As shareholders prepare to vote on a proposed import terminal model, the financial and economic impact Refining NZ's whittled-down operation would have on Northland's economy is worrying community leaders.
Voting, to take place in Auckland this morning,
will not be the final investment decision, which will be taken by the Refining NZ board towards the end of September.
The country's only oil refinery has announced an in-principle agreement on key commercial terms with Z Energy for converting operations to a dedicated fuel import terminal. This follows a similar agreement reached with BP in February 2021.
The company posted an annual loss of $198.3 million last year due to a glut of fuel supplies globally, combined with the impact of Covid-19 on refinery output, pipeline fees and plummeting demand for fuel.
First Union represents 170 operational workers at the refinery said a move to being an import terminal would have a catastrophic impact on Northland as a whole as Refining NZ paid more than $60m in wages each year.
The union's site delegate and refinery control room operator, Aaron Holroyd, will lose his job after 35 years, together with more than 100 others next year, if the import terminal model goes ahead.
"If you import crude oil and jets are not flying, suddenly you make that crude oil into diesel. There's a lot of flexibility in the refinery but if you get rid of all that, you just import something from very tenuous supply lines.
"There's no substitute for diesel and jet fuel out there. People still need to drive trucks with diesel in them, still need to fly planes with jet fuel in them. They all come from this refinery or overseas."
Holroyd said the refinery workers contributed $15m in taxes each year and spent a lot of disposable income in Whangārei, and this spending would disappear.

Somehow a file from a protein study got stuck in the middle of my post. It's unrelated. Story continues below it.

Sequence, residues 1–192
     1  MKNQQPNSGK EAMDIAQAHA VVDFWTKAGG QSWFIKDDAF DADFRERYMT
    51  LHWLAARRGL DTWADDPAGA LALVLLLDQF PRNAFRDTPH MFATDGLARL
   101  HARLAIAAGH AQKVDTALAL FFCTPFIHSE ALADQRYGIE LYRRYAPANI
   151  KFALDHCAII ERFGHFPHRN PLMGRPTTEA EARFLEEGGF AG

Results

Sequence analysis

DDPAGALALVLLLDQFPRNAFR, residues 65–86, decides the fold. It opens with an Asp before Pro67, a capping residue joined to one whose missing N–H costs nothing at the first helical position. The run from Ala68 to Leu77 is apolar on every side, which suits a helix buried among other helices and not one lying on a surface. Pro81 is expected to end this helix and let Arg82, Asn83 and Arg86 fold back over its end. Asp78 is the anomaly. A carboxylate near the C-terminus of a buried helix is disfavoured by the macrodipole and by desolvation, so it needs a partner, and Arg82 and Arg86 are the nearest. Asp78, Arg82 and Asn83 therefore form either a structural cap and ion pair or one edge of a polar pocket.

His message to the refinery shareholders is to vote in favour of the status quo because the business has a lot of potential.
"Over the last 15 years, $750m worth of new equipment have been built for this refinery so it hasn't just done nothing. It has had lots of updates."
In its submission on the change proposal, the First Union said Refining NZ's 2020 Annual report showed more than 90 per cent of its staff earned more than $100,000 a year and more than 50 per cent were on over $150,000.
A report by the New Zealand Institute of Economic Research found income by the refinery staff and contractors directly helped retain nearly 500 households in Northland, the union said.
"The refinery contributes significantly to the Northland regional economy, and is estimated to be responsible for approximately 7 per cent of regional GDP, some $428m per year. Refining NZ generates around 636 direct jobs, among the highest-paid in the region," First Union transport, logistics, and manufacturing secretary Jared Abbott said.
He said the proposed estimated stepdown of resources showed a reduction from about 300 employees down to 60 within 20 months of the terminal conversion.
Abbott claimed the conversion to an import-only terminal could cost between $650m and $700m and said there was little public information about the level of contamination at the site, which has been under a self-monitoring regime for decades.